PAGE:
The Polynymous Capsicum!
The botanical name of the vegetable (technically a fruit) is Capsicum annuum, which is why it’s called capsicum in India, Australia, and New Zealand. Some other interesting names that have been given to it are as follows :
The vegetable has a bell-like shape, which is why the word “bell” got associated with it. As regards "pepper", even though capsicum has no biological relationship with pepper, it shares a similar spicy taste and therefore the name stuck. So, if you’re in a North American food joint, ask for Bell Pepper toppings on your pizza.
Paprika / Peperone
In general, by paprika, we mean the ground spice made from capsicum, however, in many other languages such as Polish, Hungarian, Czech and Slovak it refers to the vegetable itself. The root of this word is in the Greek term “peperi”, meaning pepper. In Italy and parts of Switzerland, it is known as “Peperone”, which originates from the same root.
Poivron / Pimiento
In France, capsicum is called Poivron. While in Spain and Mexico, the heatless variety is called Pimiento. The root of these two terms is “Poivre” which again refers to pepper.
In Japan and South Korea, capsicum is called piiman, which seems to have originated from the Spanish word pimiento.
Shimla Mirch / Pahadi Mirch
When the Britishers brought capsicum to India, they first cultivated it in Shimla, so the name of the district is still taken to refer to the vegetable in Northern India and Pakistan. It is followed by “mirch” which means chilli in Hindi. Also, since Shimla is a hill station, the vegetable also came to be known as Pahadi Mirch ( “pahadi” means from the hills).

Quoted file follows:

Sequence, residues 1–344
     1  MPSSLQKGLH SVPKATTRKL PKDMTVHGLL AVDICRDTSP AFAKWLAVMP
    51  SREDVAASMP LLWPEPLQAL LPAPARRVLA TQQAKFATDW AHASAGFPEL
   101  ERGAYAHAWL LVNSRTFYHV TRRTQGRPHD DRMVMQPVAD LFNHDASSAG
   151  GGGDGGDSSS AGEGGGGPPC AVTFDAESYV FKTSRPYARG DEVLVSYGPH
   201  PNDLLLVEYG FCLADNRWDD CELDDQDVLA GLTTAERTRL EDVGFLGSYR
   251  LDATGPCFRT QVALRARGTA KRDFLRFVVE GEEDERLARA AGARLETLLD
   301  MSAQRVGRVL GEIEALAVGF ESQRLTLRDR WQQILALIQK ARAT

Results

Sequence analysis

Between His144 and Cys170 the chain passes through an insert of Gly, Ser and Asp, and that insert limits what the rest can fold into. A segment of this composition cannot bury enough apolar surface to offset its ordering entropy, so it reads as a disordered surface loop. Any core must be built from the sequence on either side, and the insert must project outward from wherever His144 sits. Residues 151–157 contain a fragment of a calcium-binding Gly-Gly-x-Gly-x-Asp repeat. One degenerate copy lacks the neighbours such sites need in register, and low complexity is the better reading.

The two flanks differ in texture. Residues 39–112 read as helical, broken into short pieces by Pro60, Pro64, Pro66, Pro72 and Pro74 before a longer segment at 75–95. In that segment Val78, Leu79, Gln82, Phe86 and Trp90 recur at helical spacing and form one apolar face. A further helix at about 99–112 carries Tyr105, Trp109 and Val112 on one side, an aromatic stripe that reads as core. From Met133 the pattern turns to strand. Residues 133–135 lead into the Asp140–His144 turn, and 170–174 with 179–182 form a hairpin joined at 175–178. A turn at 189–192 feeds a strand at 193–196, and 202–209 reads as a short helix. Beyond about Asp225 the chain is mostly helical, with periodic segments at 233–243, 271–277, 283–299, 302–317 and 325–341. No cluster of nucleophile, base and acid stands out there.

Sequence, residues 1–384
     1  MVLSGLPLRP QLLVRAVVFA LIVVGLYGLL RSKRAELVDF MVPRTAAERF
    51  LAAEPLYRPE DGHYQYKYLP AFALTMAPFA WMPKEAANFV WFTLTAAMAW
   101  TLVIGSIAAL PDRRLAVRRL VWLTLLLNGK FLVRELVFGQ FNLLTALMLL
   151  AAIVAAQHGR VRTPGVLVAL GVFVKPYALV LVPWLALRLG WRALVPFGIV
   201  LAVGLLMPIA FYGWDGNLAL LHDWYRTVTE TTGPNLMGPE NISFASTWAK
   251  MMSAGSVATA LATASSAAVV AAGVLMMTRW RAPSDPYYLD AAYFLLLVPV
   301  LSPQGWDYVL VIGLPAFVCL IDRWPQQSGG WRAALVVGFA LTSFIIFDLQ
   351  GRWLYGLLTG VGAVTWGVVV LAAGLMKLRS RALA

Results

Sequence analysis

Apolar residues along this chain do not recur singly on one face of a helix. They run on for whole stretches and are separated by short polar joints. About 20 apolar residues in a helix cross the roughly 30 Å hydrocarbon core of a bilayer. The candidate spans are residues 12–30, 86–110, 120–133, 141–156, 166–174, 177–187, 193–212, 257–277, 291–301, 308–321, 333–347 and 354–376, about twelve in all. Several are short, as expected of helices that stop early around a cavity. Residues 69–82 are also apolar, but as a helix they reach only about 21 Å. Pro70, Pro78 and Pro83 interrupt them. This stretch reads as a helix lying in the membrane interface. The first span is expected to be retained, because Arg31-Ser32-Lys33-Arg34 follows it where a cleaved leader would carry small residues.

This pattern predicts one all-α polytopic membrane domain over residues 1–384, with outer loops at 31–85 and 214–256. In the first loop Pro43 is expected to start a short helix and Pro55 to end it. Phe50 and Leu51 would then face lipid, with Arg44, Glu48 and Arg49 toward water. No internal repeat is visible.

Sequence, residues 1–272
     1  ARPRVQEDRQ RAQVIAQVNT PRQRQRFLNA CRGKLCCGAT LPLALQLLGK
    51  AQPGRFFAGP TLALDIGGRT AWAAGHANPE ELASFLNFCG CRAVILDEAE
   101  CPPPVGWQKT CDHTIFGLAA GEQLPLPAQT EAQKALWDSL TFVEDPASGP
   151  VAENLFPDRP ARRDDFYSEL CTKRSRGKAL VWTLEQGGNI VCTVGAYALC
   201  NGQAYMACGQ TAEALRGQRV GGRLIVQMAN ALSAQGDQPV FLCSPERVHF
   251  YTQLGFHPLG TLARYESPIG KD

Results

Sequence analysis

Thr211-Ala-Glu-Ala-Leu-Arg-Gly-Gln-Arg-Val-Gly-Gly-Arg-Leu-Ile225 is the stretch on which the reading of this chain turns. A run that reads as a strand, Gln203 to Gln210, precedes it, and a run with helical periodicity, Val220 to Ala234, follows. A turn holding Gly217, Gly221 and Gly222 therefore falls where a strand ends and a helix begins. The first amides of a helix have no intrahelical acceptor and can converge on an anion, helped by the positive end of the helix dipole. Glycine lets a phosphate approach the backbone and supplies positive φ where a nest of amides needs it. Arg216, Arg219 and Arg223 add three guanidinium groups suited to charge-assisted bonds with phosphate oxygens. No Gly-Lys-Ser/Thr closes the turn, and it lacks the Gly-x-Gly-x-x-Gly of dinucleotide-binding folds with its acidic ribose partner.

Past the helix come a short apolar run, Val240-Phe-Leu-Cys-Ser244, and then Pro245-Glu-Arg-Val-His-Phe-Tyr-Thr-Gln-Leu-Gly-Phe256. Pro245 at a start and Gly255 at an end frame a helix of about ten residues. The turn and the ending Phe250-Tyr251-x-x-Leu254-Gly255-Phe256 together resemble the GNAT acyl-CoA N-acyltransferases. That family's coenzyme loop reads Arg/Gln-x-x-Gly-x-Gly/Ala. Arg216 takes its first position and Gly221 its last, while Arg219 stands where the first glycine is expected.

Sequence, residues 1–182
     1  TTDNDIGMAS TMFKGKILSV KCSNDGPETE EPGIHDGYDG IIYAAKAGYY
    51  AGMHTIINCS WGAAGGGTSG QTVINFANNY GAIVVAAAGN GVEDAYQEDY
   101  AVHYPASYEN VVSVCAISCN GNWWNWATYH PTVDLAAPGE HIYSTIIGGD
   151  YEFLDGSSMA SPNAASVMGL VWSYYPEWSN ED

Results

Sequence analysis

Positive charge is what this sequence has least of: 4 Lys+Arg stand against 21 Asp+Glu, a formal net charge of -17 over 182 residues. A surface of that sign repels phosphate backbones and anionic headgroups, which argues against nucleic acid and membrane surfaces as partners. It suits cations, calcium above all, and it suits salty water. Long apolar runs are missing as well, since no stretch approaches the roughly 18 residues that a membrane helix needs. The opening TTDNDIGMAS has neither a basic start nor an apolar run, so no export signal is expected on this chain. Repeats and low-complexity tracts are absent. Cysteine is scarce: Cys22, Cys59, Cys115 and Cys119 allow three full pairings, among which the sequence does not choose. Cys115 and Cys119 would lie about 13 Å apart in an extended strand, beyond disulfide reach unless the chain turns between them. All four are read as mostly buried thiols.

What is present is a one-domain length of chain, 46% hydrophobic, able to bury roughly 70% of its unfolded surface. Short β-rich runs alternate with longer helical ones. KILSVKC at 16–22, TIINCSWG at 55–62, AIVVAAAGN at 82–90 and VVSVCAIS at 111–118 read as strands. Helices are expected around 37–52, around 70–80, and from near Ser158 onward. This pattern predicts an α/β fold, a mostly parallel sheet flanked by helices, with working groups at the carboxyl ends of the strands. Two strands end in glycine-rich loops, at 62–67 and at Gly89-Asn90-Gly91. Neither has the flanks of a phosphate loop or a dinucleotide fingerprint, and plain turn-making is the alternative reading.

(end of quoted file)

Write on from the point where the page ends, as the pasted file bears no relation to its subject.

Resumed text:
In Tamil, due to its appearance capsicum is known as Kodai Mozhagai, which means umbrella-like chilli.
In many midwestern regions of the United States, such as Indiana, capsicum is commonly called Mango. While this term is becoming archaic with the import of the tropical fruit Mango in wider latitudes, still many menus call stuffed capsicum a Mango.
While this study of nomenclatures is quite fascinating, the fact remains, capsicum by any other name would taste as palatable! It’s the taste that matters. Grow your very own capsicums at home to experience the freshness of flavours without any adulterations. At AllThatGrows, we offer pure, non-GMO capsicum seeds that you can easily grow in your kitchen gardens! Give it a start today and experience the joy of sowing and reaping.